(1) There are about 200,000 miles of mainline rail in North America. Roughly one fourth (500,000 miles) uses computerized CTC. This software primarily provides a human interface function, aimed at reducing support and maintenance staff. In the U.S. there are 30 major railroads. On average, each purchases two computerized CTC systems per year. The typical system controls 240 miles of traffic and costs an average 10,700 dollars per mile. This industry is expected to spend 100 million dollars annually in 1990.

(2) The author of the URD was amazed at the number of faults detected and their severities. Seventy-seven URD faults were eventually detected during inspection. Some faults were serious enough to jeopardize system integrity or result in operation mishaps.

(3) Faults were categorized by seven types: ambiguousness, functional, interface, omission, sequencing, typographical, and inconsistency. Severities were assessed on a five-point scale. Although this information was recorded for each URD fault, analysis of the data did not provide enough statistical base to support any proposition relating to fault severity and fault types.

(4) In addition to reporting URD faults, the teams also reported defects found in their formal specification document and design document. the variety of methodologies used did not permit a quantitative comparison of this data.

(5) Teams worked part-time and were composed of four members, so in our study, one team-week equals approximately 100 person-hours.

(6) We do not consider URD faults detected during coding and later phases.

REFERENCES

[1] Alford, M. SREM at the age of eight: The distributed computing design system. IEEE Comput. 18, 4 (Apr. 1985), 36-46.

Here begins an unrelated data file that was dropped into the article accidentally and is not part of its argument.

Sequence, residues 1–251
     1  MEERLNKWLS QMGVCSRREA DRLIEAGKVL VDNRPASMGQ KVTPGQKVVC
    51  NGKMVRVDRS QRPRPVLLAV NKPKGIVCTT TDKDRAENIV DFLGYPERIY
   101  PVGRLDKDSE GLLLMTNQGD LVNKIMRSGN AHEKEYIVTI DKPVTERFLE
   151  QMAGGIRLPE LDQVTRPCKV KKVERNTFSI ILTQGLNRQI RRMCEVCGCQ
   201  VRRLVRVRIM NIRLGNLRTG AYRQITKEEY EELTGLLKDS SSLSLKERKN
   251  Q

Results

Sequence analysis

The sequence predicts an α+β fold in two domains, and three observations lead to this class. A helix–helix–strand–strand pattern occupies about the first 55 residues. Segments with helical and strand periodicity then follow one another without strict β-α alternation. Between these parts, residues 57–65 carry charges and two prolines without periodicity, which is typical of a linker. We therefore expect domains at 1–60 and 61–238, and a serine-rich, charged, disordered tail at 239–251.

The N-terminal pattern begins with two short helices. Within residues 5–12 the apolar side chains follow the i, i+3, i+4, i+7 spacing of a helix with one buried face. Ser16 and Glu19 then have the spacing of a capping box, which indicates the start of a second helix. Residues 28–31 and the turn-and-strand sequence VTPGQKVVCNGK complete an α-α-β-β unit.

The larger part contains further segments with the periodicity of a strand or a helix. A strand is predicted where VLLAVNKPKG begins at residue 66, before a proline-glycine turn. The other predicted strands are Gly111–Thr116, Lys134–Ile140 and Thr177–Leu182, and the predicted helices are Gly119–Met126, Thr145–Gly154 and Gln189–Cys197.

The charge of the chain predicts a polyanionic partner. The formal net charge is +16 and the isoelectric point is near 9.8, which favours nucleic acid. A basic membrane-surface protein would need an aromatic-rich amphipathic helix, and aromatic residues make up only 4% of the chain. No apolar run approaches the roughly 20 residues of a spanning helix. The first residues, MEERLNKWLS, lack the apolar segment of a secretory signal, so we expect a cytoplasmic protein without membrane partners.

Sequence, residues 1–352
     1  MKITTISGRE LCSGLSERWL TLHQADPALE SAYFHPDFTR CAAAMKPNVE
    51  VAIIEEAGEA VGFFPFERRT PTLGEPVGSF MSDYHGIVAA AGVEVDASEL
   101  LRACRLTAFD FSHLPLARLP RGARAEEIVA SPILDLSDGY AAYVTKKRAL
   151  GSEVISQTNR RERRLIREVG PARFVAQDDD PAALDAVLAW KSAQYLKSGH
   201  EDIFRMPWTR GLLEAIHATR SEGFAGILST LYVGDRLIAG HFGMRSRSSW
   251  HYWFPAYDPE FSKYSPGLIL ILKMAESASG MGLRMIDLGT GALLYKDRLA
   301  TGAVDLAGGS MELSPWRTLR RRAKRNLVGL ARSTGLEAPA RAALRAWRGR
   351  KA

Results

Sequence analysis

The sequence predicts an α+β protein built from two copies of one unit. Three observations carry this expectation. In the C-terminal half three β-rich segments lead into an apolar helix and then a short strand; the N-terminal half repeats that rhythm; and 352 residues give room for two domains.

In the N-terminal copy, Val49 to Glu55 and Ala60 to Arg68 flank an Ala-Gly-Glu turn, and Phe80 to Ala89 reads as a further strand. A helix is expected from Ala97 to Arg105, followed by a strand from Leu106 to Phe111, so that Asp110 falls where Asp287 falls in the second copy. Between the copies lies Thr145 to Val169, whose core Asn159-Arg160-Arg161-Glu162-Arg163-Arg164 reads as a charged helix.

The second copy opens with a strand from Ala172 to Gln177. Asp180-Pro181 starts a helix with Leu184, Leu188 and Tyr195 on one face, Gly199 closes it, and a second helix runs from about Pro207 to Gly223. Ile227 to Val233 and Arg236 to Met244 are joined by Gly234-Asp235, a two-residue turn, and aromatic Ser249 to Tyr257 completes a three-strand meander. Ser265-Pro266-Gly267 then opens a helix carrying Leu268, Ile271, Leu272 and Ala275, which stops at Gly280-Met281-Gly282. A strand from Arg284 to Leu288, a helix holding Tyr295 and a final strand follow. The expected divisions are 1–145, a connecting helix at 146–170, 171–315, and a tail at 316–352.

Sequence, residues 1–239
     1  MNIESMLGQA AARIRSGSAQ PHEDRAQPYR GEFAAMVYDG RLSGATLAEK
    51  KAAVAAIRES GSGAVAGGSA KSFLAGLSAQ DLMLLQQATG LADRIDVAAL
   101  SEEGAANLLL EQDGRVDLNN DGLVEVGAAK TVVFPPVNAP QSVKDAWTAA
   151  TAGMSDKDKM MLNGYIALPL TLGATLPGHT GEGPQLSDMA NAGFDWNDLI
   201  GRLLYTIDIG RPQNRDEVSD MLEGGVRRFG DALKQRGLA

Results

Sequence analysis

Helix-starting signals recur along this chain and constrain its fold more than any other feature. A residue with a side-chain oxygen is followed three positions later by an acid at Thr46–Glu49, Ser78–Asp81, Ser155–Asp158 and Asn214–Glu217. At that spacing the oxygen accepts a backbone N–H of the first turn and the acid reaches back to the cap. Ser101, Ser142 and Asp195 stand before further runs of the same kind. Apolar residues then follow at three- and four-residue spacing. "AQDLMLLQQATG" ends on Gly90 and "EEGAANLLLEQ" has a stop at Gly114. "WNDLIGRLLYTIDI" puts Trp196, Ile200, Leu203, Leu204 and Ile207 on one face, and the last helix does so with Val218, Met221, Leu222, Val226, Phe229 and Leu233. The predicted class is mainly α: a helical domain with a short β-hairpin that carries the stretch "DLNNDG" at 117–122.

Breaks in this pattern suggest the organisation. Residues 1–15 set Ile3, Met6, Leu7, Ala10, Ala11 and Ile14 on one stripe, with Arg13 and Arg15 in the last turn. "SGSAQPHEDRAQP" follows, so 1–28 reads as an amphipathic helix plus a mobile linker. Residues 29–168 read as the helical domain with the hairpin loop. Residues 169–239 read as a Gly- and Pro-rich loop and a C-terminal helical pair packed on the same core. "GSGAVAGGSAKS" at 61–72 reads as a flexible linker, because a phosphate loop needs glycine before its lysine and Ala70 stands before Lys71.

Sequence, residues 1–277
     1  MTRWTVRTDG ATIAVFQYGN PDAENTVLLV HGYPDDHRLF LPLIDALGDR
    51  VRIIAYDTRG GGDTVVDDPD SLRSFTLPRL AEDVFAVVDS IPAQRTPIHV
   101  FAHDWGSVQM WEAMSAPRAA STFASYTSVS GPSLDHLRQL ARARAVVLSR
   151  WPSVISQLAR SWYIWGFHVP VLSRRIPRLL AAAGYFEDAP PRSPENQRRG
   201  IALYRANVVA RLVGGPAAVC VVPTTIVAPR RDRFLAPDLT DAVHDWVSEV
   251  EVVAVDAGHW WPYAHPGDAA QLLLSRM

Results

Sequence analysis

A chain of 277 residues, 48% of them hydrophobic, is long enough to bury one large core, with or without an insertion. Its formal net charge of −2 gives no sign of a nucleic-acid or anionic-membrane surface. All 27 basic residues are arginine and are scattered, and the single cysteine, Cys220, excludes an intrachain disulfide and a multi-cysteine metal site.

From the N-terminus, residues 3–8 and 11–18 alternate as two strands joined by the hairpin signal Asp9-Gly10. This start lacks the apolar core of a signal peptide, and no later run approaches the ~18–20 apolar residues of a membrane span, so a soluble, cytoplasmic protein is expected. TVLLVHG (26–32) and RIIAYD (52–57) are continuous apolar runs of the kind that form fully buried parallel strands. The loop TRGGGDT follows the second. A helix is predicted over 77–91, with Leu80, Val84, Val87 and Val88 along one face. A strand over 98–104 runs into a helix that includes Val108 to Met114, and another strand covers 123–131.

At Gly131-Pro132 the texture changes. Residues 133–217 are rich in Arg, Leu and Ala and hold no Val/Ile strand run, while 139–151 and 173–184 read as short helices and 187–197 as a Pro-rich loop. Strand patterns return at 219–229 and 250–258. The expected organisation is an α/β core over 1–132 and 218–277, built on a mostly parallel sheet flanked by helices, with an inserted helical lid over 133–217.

[2] Avizienis, A. The n-version approach to fault-tolerant software. IEEE Trans. on Softw. Eng. 11, 12 (Dec. 1985), 1491-1501.

[3] Avizienis, A., Lyu, M. R., and Schutz, W. In research of effective diversity: A six-language study of fault-tolerant flight-control software. In Proceedings of the IEEE 18th International Symposium of Fault Tolerant Computing (Tokyo, Japan, June 27-30.) IEEE/CS, New York, 1988, pp. 15-22.

[4] Berzins V., and Gray, M. Analysis and design in MSG 84: Formalizing functional specifications. IEEE Trans. on Softw. Eng. 11, 8 (Aug. 1985), 657-670.

[5] Birrell N. D., and Ould, M. A. A Practical Handbook for Software Development. CAmbridge University Press, Melbourne, Autralia, 1985.

[6] Boehm, B. Industrial software metrics top-10 list. IEEE Softw. 3, 9 (Sept. 1987), 84-85.

[7] Boehm, B. Verifying and validating software requirements and design specifications. IEEE Softw. 1, 1 (Jan. 1984), 75-88.

[8] Booch, G. Software Engineering with Ada. Benjamin Cummings Publishing Co., Inc., Menlo Park, Calif., 1983.

[9] DeMarco, T. Structured Analysis and System Specification. Yourdon Press, New York, 1978.

[10] U. S. Department of Defense. Reference Manual for the Ada Programming Language. ANSI-MIL-STD-1815A-1983, 1983.

[11] Fagan, M. E. Advances in software inspections. IEEE Trans. on Softw. Eng. 12, 7 (July 1986), 744-751.

[12] Fagan, M. E. Design and code inspections to reduce errors in program development. IBM Syst. J. 15, 3 (1976), 182-211.

[13] Jones, C. B. Systematic Software Development using VDM. Prentice-Hall, Englewood Cliffs, N. J., 1986.

[14] Nielsen K., and Shumate, K. Designing large real-time systems with Ada. Commun. ACM 30, 8 (Apr. 1987), 695-715.

[15] Ould A., and Unwin, C. Testing in Software Development. Cambridge University Press, 1986.

[16] Ramamoorthy, C. V., et al. Application of a methodology for the development and validation of reliable process control software. IEEE Trans. on Softw. Eng. 7, 6 (Nov. 1981), 537-555.

[17] Sheil, B. Power tools for programmers. Datamation, (Feb. 1983), 131-143.

ABOUT THE AUTHORS:

JOHNNY MARTIN is a Ph.D. candidate in the Department of Computer Science at the University of Minnesota, where he served as President of the University of Minnesota Student ACM Chapter. His research interests include formal language theory, software engineering, and software development tools.

W.T. TSAI is currently an assistant professor in the Department of Computer Science at the University of Minnesota. His areas of interest are software engineering, computer security, and computer systems. Author's Present Address: Department of Computer Science, University of Minnesota, Minneapolis, MN 55455.
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Author:Martin, Johnny; Tsai, W. T.
Publication:Communications of the ACM
Article Type:technical
Date:Feb 1, 1990